Can You Marry Someone Just For A Green Card?
The precepts behind American immigration law cover some significant aspects of the human condition. One of these all-important happenings considered to be a milestone event is the institution of marriage. While marriage customs may be slightly to wildly different relative to where the ceremony is held, there are provisions within the guidelines of the United States that allow for full recognition as a result of immigration. Marriage laws in the United States are fundamentally tied to the trappings of American immigration law when they come to a spousal or fiancé(e) relationship.
In order for the blissfully wedded couple to live a happy life together as U.S. residents, they both need to submit to American standards upon immigration; marriage laws surrounding parties of mixed nationality have only gotten more stringent with time. In popular media, a person's acquisition of a green card is often portrayed as a consequence of marriage to an American citizen. Despite the derisive applications of the green card, the U.S. government is quite serious about individuals to whom it is issues permanent residency.
Before an alien becomes a true American, immigration law must run its due course. One thing that consular officials who review a person's file consider is the viability of the marriage. Knowing full well that people will form a partnership in the guise of marriage for the express purpose of trying to obtain a green card, American immigration law officials will look for evidence of a bona fide marital relationship.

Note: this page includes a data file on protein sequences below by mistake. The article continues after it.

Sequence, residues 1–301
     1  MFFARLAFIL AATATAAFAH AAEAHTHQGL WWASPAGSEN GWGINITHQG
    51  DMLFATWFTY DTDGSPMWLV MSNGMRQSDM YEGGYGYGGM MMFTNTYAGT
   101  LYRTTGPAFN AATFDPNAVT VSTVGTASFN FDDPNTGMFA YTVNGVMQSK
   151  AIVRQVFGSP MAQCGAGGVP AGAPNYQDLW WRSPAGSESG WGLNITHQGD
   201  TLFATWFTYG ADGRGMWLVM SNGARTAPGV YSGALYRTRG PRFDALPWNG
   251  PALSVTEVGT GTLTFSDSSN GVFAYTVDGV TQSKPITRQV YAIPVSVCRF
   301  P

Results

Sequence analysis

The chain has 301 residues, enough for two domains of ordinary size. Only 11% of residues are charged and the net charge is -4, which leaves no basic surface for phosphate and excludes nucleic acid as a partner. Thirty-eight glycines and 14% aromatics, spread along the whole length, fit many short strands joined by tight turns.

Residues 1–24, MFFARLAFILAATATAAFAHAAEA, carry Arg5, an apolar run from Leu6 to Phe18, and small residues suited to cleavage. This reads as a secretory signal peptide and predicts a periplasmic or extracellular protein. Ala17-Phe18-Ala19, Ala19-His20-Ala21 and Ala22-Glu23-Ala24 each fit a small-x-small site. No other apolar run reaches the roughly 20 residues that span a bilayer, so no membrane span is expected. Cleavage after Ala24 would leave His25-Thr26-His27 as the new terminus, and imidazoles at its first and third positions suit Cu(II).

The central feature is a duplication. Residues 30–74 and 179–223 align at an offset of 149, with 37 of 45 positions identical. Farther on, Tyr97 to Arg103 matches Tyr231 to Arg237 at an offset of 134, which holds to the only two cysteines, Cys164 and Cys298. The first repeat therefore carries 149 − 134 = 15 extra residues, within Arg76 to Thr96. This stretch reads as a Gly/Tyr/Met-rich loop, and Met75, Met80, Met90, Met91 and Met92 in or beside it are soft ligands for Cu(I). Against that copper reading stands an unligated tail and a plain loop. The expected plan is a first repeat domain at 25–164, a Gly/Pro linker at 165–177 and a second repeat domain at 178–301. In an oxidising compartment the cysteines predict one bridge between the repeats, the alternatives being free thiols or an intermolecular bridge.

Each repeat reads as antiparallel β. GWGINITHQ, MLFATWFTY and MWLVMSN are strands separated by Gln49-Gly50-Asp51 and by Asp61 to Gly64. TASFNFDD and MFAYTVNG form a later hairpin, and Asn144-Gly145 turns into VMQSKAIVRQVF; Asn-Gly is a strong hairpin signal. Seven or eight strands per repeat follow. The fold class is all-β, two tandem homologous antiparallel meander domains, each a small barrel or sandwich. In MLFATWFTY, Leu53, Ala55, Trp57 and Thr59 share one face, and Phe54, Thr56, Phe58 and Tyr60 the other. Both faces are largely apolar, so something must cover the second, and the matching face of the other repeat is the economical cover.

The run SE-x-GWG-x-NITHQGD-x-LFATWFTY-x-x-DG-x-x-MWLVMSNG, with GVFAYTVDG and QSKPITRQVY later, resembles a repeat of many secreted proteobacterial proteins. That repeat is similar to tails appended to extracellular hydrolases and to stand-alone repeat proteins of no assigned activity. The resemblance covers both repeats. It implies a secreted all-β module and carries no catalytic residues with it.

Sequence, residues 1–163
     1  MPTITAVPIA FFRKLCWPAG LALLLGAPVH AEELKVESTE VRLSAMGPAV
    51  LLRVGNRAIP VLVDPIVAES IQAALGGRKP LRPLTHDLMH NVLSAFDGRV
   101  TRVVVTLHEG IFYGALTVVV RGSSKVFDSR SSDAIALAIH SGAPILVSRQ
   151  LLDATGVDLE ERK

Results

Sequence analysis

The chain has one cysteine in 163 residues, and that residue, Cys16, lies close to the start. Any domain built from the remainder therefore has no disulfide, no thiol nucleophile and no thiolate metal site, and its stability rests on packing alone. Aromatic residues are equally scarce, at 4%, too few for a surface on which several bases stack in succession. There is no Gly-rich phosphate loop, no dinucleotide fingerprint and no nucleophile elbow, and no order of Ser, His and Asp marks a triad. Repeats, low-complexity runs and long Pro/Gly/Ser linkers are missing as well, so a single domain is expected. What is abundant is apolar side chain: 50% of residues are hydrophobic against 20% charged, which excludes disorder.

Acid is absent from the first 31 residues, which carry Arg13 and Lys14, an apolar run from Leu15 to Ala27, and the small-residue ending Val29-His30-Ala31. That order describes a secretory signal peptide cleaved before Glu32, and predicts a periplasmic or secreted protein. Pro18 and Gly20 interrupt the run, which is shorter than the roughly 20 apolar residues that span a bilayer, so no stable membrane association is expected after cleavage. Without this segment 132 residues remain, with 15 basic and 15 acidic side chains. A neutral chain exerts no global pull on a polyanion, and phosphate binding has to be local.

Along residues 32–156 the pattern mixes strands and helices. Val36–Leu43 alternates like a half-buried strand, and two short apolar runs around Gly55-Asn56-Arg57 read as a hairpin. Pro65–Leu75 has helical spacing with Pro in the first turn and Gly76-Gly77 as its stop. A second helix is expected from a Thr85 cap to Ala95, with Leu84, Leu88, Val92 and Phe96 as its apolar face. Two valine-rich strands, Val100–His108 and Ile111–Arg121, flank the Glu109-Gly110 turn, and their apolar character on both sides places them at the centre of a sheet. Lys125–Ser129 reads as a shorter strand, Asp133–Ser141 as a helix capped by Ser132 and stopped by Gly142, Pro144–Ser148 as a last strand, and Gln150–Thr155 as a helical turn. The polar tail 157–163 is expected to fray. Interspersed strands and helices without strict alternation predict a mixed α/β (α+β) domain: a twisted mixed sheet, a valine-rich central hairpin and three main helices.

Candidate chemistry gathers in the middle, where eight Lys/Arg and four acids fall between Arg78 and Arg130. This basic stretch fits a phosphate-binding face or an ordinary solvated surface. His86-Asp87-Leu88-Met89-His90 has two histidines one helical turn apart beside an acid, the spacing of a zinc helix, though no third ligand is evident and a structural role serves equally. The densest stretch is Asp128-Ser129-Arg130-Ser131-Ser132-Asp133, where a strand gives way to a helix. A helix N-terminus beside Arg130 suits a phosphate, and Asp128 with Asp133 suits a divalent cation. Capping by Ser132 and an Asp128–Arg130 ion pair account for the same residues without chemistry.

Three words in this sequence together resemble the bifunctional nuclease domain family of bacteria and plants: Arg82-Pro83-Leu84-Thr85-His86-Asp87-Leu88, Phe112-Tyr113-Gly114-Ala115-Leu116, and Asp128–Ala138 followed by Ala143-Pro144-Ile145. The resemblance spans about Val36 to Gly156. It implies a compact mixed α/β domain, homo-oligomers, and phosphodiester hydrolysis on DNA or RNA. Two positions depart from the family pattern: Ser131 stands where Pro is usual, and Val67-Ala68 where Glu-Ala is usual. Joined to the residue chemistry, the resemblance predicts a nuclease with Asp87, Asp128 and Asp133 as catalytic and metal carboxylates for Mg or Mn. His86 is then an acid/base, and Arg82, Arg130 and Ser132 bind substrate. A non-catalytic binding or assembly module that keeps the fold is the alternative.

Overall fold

Usually, the presence of witnesses at a wedding ceremony or some tangible proof of cohabitation such as jointly filed paperwork will help the cause of the applicants. It is preferable if there is strong evidence this was a long-term relationship prior to the process of immigration.
It is also a bit presumptuous of anyone expecting that a true marriage will automatically garner permanent residency upon completion of immigration. Marriage laws dictate that, as a condition of American immigration law, before the applicant can claim a green card for their personal identification, they must undergo a period of conditional residence and have indicated an intent to do so on their marriage visa application.
Following the two years of conditional residence, the applicant must re-apply for the purpose of extending the length of their residency and must go on another interview with an officer on behalf of U.S. immigration; marriage laws, once more, dictate that there must be continued evidence of a marital relationship. Once more, tangible proof of lawful cohabitation, such as signed affidavits from family, friends and other associates, must be offered.